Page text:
A Chapter 150 Certificate of Merit, or the Record Itself, Must Demonstrate the Affiant is Knowledgeable in the Defendant’s Area of Practice, Says Texas Supreme Court
By: Kyle Burke
In suits against architects, engineers, surveyors, and landscape architects, Section 150.002 of the Texas Civil Practice and Remedies Code requires that a sworn “certificate of merit” (an affidavit) accompany a plaintiff’s complaint. The affidavit must be from a similarly licensed professional, who meets certain qualifications and attests to the merit of the underlying claim. The statute provides, in part, that the affiant should be “knowledgeable in the (defendant’s) area of practice” and that the affidavit should set forth the defendant’s negligence or other wrongdoing and its “factual basis.” If the plaintiff fails to file a compliant affidavit, the complaint must be dismissed.
The Texas Supreme Court recently concluded that a Chapter 150 affidavit—or the record itself—must demonstrate that the professional providing the affidavit is “knowledgeable” in the defendant’s area of practice. Levinson Alcoser Associates, L.P. v. El Pistolón II, Ltd., No. 15-0232, 2017 WL 727269 (Tex. Feb. 24, 2017).
El Pistolón hired Levinson Alcoser (the “architects”) to design a commercial retail project and oversee construction. Unhappy with the architects’ services, El Pistolón sued, alleging breach of contract and negligence in the project’s design and development. El Pistolón filed an affidavit by Payne, a third-party licensed architect, stating his professional opinion about the defendants’ work.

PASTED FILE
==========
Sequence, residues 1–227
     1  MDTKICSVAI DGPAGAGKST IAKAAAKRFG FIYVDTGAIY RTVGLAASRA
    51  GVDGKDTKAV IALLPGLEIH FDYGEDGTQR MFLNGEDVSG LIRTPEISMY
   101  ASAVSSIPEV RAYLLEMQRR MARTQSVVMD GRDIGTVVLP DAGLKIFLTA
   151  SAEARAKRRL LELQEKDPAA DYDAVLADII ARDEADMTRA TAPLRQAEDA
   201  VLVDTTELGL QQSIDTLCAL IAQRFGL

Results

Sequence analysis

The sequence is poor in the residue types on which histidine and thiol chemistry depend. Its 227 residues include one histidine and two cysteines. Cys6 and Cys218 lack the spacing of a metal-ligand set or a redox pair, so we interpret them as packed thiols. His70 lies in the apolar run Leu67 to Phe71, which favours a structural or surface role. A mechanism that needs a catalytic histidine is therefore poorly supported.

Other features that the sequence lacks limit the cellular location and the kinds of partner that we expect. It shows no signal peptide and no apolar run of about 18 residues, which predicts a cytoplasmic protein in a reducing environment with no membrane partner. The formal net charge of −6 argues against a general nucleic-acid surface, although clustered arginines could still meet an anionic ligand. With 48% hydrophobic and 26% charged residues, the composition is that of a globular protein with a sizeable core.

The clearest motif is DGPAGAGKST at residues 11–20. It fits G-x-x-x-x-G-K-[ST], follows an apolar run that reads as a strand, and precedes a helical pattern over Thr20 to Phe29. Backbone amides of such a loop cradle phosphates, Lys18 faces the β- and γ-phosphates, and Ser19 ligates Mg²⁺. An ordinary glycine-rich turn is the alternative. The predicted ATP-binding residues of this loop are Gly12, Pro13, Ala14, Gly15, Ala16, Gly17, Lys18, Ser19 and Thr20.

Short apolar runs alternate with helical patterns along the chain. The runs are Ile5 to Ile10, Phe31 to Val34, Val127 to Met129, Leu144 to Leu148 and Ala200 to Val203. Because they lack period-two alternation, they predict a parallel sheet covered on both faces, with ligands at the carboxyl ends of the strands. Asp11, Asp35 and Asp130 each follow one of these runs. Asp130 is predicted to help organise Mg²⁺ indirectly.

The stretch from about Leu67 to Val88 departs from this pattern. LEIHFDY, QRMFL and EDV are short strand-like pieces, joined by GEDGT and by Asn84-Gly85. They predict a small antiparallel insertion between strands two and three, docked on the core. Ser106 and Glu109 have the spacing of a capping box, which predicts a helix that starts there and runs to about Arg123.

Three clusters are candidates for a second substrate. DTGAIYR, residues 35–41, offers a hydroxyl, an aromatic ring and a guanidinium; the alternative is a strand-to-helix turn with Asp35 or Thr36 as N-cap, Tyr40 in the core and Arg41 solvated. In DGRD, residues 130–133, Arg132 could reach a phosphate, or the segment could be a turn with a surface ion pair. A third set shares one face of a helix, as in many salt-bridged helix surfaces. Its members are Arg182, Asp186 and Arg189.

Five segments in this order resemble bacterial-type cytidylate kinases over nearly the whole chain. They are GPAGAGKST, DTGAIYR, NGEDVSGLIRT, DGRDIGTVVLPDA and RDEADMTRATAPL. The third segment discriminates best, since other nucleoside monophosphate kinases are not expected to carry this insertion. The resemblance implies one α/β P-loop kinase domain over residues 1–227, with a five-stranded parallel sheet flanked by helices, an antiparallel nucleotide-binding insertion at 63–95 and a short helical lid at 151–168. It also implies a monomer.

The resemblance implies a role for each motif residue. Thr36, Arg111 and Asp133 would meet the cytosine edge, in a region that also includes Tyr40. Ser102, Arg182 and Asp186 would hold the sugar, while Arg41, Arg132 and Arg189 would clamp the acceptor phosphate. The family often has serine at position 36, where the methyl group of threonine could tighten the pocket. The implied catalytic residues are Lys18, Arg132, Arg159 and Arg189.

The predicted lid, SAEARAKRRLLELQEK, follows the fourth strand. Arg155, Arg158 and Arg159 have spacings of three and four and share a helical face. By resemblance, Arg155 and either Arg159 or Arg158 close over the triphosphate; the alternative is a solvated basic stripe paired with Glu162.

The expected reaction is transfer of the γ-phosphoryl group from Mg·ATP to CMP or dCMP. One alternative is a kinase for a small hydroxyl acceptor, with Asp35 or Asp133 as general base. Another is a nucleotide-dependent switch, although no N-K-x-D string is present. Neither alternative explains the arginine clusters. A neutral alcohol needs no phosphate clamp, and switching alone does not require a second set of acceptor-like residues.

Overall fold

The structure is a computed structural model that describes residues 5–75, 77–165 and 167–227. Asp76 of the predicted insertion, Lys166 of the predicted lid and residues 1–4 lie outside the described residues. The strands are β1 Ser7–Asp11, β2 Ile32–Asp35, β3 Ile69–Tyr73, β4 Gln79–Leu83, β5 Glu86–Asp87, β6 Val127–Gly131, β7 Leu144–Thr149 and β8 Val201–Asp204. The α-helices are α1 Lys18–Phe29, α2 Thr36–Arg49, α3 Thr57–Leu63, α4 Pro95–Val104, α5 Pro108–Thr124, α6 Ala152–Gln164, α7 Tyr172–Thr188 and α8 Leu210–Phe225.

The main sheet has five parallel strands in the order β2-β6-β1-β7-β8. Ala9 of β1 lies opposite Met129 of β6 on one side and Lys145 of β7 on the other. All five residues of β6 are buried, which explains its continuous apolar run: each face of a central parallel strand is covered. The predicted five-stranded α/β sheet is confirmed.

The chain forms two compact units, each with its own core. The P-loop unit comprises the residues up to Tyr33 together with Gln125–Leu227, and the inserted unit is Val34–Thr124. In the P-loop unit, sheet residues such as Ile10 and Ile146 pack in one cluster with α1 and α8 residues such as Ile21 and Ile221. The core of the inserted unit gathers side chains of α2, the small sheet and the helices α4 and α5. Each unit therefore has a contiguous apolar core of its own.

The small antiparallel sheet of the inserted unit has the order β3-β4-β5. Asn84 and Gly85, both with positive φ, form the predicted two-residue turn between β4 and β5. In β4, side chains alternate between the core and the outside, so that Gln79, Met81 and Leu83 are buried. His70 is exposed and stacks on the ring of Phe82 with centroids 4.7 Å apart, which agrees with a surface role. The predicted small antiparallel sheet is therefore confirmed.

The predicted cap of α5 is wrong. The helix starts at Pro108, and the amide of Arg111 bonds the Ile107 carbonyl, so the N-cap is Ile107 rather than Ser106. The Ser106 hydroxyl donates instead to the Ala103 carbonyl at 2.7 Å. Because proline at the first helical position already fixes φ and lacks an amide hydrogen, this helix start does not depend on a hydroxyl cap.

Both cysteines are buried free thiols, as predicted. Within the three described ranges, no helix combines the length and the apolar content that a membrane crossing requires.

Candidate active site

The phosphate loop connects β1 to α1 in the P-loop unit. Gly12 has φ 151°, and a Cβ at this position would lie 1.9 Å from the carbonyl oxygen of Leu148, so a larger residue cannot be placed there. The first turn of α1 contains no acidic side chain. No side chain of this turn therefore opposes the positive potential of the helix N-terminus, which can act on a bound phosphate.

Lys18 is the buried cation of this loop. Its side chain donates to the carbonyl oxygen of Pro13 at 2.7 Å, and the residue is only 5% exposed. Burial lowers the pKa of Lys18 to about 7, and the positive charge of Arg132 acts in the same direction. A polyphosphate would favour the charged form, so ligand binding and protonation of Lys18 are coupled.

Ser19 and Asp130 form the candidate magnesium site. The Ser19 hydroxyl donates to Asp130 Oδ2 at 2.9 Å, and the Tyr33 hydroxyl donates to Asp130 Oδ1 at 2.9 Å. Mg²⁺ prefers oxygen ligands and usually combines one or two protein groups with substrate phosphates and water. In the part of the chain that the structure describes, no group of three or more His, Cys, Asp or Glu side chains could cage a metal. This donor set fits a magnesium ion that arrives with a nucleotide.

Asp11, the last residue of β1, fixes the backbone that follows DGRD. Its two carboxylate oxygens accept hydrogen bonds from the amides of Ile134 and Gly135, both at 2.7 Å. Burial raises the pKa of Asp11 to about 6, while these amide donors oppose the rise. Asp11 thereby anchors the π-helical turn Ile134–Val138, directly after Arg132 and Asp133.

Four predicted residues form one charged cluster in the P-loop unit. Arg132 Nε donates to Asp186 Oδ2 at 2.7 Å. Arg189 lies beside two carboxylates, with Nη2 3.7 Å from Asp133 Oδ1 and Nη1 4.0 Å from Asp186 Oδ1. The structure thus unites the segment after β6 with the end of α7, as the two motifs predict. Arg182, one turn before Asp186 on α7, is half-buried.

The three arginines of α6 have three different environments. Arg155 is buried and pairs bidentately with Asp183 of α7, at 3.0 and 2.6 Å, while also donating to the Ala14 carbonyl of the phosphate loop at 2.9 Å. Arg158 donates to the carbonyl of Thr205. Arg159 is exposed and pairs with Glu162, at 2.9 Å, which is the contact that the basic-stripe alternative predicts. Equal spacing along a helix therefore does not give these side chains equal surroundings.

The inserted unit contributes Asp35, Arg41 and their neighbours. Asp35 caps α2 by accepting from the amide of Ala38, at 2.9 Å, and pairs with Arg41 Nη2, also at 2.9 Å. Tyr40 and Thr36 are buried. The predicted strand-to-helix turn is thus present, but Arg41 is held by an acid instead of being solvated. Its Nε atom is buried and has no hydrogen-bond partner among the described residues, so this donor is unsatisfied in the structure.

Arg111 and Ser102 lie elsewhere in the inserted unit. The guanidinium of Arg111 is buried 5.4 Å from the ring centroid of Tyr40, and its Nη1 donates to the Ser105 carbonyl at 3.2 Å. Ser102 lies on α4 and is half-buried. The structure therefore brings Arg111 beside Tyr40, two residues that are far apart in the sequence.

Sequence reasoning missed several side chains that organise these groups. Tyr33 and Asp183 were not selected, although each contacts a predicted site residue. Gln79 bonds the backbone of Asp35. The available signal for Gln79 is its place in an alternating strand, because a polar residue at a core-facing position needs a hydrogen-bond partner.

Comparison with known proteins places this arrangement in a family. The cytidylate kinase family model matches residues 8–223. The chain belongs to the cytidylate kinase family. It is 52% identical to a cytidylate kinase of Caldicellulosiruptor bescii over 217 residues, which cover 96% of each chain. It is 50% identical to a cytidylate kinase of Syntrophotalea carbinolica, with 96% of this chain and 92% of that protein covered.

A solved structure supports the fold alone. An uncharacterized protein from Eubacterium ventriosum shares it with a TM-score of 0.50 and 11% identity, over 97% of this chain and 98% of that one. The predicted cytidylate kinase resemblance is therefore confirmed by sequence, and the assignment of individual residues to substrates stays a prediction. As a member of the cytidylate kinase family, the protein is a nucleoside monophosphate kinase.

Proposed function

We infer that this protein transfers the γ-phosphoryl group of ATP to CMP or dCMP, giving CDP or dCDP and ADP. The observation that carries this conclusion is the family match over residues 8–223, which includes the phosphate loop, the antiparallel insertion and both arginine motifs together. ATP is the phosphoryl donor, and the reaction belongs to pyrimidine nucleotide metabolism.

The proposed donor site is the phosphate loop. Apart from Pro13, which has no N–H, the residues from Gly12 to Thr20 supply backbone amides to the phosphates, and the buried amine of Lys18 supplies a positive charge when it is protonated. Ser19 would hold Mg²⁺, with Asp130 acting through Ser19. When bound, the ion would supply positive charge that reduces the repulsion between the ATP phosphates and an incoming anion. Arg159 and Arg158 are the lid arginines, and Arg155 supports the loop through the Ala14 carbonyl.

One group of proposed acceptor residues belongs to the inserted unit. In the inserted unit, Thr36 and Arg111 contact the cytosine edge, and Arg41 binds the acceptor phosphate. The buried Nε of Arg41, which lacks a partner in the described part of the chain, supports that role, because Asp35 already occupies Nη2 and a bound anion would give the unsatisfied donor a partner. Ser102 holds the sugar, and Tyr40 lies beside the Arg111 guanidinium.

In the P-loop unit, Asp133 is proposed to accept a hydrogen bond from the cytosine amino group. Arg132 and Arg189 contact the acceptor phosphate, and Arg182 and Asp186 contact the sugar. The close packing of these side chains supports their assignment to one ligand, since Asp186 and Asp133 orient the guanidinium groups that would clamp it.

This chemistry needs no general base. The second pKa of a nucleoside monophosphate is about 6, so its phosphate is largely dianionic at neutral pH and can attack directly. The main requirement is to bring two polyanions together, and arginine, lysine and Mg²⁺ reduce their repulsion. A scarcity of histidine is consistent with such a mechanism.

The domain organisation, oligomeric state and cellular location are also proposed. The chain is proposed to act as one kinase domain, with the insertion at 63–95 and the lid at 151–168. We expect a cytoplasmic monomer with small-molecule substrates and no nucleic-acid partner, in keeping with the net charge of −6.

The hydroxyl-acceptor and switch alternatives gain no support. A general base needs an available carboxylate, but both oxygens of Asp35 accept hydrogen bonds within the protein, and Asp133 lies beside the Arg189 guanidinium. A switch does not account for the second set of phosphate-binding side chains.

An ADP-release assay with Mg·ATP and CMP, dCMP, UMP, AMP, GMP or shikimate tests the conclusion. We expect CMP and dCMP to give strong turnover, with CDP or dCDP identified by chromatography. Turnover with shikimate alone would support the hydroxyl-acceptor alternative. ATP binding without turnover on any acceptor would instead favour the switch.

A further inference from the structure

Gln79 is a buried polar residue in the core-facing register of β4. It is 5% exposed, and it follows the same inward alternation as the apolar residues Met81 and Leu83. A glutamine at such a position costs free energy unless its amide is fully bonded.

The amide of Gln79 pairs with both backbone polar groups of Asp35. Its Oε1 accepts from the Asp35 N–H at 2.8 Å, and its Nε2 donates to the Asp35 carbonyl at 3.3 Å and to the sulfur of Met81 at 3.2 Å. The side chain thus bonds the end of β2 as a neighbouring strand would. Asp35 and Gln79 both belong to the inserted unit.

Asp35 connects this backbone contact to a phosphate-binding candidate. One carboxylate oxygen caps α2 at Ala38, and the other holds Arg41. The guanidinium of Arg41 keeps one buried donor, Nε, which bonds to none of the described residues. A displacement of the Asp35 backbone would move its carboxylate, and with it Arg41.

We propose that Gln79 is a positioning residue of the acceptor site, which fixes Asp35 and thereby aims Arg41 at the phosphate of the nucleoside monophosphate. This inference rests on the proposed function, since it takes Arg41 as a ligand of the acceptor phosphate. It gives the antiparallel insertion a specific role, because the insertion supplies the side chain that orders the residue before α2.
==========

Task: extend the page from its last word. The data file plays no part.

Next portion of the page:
The architects moved to dismiss, objecting that Payne’s affidavit did not provide any information about his knowledge of the architects’ area of practice or the factual basis for the claimed errors or omissions by the architects. The trial court denied the motion to dismiss, and the architects appealed. The court of appeals affirmed, concluding that Payne’s affidavit satisfied both the statute’s knowledge and factual-basis requirements as to the negligence claim. The question before the supreme court was whether Payne’s affidavit was sufficient under the statute to support El Pistolón’s negligence claim.
El Pistolón and the court of appeals suggested that the statute’s knowledge requirement might be inferred from Payne’s statements regarding his active architecture practice or the fact he held the same license as the architects. But the supreme court rejected such an inference, holding that the statute’s knowledge requirement is not synonymous with the expert’s licensure or active engagement in the practice; instead, it requires some additional explication or evidence reflecting the expert’s familiarity or experience with the practice area at issue in the litigation. The court generally agreed that such knowledge may be inferred from record sources other than the expert’s affidavit, but here, the affidavit was the only evidence of Payne’s qualifications. And, because nothing in Payne’s affidavit allowed an inference that Payne possessed knowledge of the defendants’ area of practice beyond the generalized knowledge associated with holding the same license, Payne had not shown himself qualified to render the certificate of merit. Thus, the lower courts erred in blessing Payne’s affidavit.
Still remaining is the question of the level of detail necessary to satisfy the “factual basis” requirement for Chapter 150 certificates of merit. That issue is currently pending before the Texas Supreme Court in case No. 16-0087, Melden & Hunt, Inc. v. East Rio Hondo Water Supply. The court requested briefs on the merits therein and held oral argument on March 22, 2017. Hopefully, the court will provide further guidance on the precise requirements of the certificate-of-merit statute.